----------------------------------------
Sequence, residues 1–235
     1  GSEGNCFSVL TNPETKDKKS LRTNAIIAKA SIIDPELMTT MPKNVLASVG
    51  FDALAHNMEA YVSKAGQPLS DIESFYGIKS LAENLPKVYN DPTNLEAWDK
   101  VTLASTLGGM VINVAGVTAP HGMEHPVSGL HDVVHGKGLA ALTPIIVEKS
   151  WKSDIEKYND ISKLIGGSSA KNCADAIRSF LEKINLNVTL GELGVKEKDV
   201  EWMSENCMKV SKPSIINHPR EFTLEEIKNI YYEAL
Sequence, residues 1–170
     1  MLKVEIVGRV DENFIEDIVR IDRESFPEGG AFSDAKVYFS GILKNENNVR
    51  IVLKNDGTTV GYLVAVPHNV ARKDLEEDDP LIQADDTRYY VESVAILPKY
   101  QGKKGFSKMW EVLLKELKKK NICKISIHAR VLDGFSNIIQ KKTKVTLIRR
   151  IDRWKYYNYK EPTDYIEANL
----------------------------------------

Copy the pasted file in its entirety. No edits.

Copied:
Sequence, residues 1–235
     1  GSEGNCFSVL TNPETKDKKS LRTNAIIAKA SIIDPELMTT MPKNVLASVG
    51  FDALAHNMEA YVSKAGQPLS DIESFYGIKS LAENLPKVYN DPTNLEAWDK
   101  VTLASTLGGM VINVAGVTAP HGMEHPVSGL HDVVHGKGLA ALTPIIVEKS
   151  WKSDIEKYND ISKLIGGSSA KNCADAIRSF LEKINLNVTL GELGVKEKDV
   201  EWMSENCMKV SKPSIINHPR EFTLEEIKNI YYEAL
Sequence, residues 1–170
     1  MLKVEIVGRV DENFIEDIVR IDRESFPEGG AFSDAKVYFS GILKNENNVR
    51  IVLKNDGTTV GYLVAVPHNV ARKDLEEDDP LIQADDTRYY VESVAILPKY
   101  QGKKGFSKMW EVLLKELKKK NICKISIHAR VLDGFSNIIQ KKTKVTLIRR
   151  IDRWKYYNYK EPTDYIEANL